This month the Canadian Historical Bride authors have been invited to share how they approach their stories and keep track of the details. My writing has evolved to something of a system that I am happy with but freely admit that when I started writing seriously, as opposed to playing with words on a page or two, I had no clue what I was doing. I wanted to write romance so understood that I needed a hero, a heroine and a happy-ever-after.
Realizing that I needed some serious help, I started taking writing classes, courses and workshops. I went to a writers conference and came away with my head full of terms that made little sense to me, among them the nomenclatures 'plotter' and 'pantser'. I quickly discovered that I was a pantser, sitting down at my computer and starting my story on Page 1 and continuing until it was finished. Once my fingers were on the keyboard, nothing stopped me. My longest writing stint was 17 hours, not to be recommended at all but that was how deep I was in my story.
Was it a good story? Absolutely not. Another thing I learned was that first drafts rarely are good, and that is why they are first drafts. They are about your story, warts and all. So much for the pantser in me. When I read my first draft, practically weeping with despair that I could have written such drivel (that's typical of a first draft, too), I then kind of, sort of, reverted to plotting.
In the second draft I paid more attention to those lessons on story arc, and later the three act structure (thanks to Save the Cat). I became more particular about planning my story before I even began writing it, becoming more familiar with my characters and the situations I created for them and employing several 'what ifs' to further the conflict, both internal and external. Of course, that was the ideal. It was easy to become undone when one or other, often both, of my lead characters went in directions I had not even thought of.
Depending on what publishing line I was targeting, word count became important. I'd decide on the word count, divide that into words per chapter (approximately). I would then jot down what I wanted to happen in each chapter on a post-it-note which then got stuck on the white board above my desk. There was a real sense of achievement as I removed each yellow post-it sticker.
But as I progressed to writing historical romance, things were not quite so simple. Now I had to delve into research. After all, were there any paved roads at all in 18th century England? How many candles did it take to light a house and how much did they cost? Beeswax candles burnt better than tallow but were more expensive. How was laundry done? How much did it cost to keep a horse, or a team of horses in London?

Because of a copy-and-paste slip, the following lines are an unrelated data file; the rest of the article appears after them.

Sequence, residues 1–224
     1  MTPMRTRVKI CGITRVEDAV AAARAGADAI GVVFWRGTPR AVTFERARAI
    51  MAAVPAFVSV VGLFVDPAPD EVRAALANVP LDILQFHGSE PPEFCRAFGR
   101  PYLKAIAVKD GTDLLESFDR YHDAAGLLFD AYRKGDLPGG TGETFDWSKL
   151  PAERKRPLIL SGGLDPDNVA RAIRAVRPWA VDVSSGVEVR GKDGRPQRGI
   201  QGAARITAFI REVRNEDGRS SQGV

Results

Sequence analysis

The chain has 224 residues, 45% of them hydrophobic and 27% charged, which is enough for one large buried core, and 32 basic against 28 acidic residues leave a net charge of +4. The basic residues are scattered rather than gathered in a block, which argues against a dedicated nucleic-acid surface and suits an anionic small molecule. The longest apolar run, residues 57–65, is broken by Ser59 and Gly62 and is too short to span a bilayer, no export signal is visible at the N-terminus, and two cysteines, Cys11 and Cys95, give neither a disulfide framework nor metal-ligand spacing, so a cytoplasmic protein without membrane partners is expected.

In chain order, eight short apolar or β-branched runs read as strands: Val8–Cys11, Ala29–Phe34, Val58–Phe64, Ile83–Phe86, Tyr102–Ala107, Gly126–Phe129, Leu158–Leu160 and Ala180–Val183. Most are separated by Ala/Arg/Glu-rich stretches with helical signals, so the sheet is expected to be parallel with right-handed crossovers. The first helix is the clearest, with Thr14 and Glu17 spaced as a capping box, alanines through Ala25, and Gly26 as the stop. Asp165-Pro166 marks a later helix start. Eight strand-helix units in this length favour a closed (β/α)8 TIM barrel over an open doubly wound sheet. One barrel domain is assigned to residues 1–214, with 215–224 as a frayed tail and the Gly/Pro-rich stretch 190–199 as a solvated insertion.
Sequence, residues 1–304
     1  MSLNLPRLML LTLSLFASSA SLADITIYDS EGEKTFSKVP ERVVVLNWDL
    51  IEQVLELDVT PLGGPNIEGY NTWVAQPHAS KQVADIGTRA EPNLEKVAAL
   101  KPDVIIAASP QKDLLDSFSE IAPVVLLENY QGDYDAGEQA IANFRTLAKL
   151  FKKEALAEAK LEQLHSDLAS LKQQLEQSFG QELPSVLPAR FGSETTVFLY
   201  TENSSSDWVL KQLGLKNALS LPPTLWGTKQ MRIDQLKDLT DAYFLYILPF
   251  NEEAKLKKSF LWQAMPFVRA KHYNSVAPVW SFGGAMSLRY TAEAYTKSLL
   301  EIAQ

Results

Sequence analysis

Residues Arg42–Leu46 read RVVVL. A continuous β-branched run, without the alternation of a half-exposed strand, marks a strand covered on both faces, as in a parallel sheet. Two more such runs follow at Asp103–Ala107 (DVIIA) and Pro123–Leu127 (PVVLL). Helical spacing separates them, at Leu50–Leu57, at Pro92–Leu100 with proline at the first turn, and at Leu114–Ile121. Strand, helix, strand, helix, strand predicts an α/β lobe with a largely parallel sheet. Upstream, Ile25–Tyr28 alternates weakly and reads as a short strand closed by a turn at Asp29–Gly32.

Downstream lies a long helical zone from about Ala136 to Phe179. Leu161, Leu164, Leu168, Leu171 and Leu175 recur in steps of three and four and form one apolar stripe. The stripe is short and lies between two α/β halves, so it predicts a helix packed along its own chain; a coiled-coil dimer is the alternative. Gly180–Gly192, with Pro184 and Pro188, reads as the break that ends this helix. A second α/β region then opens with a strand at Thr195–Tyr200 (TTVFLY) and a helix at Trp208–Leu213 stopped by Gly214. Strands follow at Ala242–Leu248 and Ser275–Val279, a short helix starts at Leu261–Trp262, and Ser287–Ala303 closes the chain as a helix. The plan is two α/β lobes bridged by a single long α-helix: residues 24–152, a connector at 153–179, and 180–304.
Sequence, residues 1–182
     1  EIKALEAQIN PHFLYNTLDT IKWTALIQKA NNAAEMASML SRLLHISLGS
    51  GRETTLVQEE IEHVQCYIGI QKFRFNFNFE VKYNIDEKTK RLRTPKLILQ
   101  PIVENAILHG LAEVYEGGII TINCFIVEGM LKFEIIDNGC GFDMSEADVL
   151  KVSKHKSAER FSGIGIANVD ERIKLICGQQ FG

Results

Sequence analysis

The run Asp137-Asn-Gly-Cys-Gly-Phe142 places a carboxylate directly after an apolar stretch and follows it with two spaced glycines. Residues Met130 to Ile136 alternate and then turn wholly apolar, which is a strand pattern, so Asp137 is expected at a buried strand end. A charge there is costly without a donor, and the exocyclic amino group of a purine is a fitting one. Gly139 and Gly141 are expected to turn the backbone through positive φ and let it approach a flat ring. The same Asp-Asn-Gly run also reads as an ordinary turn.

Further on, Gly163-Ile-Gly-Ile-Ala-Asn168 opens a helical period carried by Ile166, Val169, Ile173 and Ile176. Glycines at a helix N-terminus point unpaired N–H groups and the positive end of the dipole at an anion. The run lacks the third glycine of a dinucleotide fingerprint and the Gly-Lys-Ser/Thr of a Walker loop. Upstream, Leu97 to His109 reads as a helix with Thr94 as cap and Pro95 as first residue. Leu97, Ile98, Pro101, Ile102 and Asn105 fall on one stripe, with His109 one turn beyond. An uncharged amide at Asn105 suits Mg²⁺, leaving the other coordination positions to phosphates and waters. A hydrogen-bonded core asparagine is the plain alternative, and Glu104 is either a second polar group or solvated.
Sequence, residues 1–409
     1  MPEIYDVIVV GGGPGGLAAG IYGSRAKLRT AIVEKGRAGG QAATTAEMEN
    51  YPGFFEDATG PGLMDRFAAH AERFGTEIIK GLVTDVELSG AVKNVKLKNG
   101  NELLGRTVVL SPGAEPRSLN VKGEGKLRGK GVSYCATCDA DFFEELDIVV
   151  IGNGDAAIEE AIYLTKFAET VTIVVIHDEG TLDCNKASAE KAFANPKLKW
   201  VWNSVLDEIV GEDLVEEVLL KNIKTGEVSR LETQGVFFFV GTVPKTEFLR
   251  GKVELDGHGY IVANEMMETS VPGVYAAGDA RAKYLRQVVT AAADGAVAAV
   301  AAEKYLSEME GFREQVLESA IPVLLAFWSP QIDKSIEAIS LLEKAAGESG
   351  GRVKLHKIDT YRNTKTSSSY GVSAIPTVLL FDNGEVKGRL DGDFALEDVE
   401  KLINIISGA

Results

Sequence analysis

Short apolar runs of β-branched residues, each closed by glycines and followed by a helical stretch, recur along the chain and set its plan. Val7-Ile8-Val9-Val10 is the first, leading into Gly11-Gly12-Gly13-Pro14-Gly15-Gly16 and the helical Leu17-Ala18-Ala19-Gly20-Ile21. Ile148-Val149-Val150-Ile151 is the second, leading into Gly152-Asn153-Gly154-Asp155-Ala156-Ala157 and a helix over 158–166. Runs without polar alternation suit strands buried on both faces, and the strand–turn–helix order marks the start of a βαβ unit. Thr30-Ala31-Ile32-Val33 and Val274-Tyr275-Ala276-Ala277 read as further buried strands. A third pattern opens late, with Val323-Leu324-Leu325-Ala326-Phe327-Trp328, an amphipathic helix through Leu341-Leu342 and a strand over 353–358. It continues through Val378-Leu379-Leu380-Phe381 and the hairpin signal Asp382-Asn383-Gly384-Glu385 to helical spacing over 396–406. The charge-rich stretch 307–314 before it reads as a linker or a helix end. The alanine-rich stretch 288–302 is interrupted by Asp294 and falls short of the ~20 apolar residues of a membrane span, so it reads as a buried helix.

I'm easily led when it comes to research, so I had to be really strict with myself to prevent going down the proverbial rabbit hole. I'm also a very simple soul, so if I wanted information to do with saddles or stirrups, it went into the S file. Whatever the information was, I also recorded the website or link where I found it or the name of the book which I had read.
My first Regency title, His Dark Enchantress, is the first book in my Berkeley Square series for which I have started a Bible. I had no intention of turning this title into a series, but with characters too full of life to stay on the pages where I had inscribed them, I started keeping track of who was who, how they were related, where they lived and many more details. Much to my surprise Juliana, a secondary character in His Dark Enchantress, became the heroine in the second book in the series. Not only that, it turned out that she was the great-great-grandmother of Lady Serena Buxton from my Buxton Chronicles trilogy. As Lady Serena's story was written before I started the Regency series, I'm not sure exactly how that happened.
Now, as it turns out, I am not only a combination of pantser and plotter, but quilter, too. This is when, as so many of us do, I wake up in the night or early in the morning with the perfect scene, setting, calamity, whatever it is and write it down immediately. There's no use thinking that, because it is so good, I'll remember it later. I never do. It has to go down on paper, or straight onto the computer and then get incorporated into the main text at some point.
For Brides of Banff Springs, I read many books on Banff and its environs. I visited the hotel on numerous occasions and corresponded with the current historian. The information I gleaned I wrote down as journal entries, recording the dates and names. If you are including facts in your novels you'd better make darn sure that they are correct, or as correct as can be given the passage of time. The only fact I have ever had questioned was in my first published work, where I had referenced a flashlight in 1907. Yes, a lantern might have been more familiar but flashlights were, in fact, around since the late 1890s. (Filed under F for flashlight. Hey, it works for me!)
All my writing experience has been a progression of one learning experience to another. What works for me probably won't work for you. That's what I like about writing. Apart from grammar, the rules of which are finite, there are no rules as to how anyone writes - which is good because I am not a fan of rules. So there it is, I am not a pantser or a plotter per se, but something of a hybrid which, I suspect, many fellow authors are.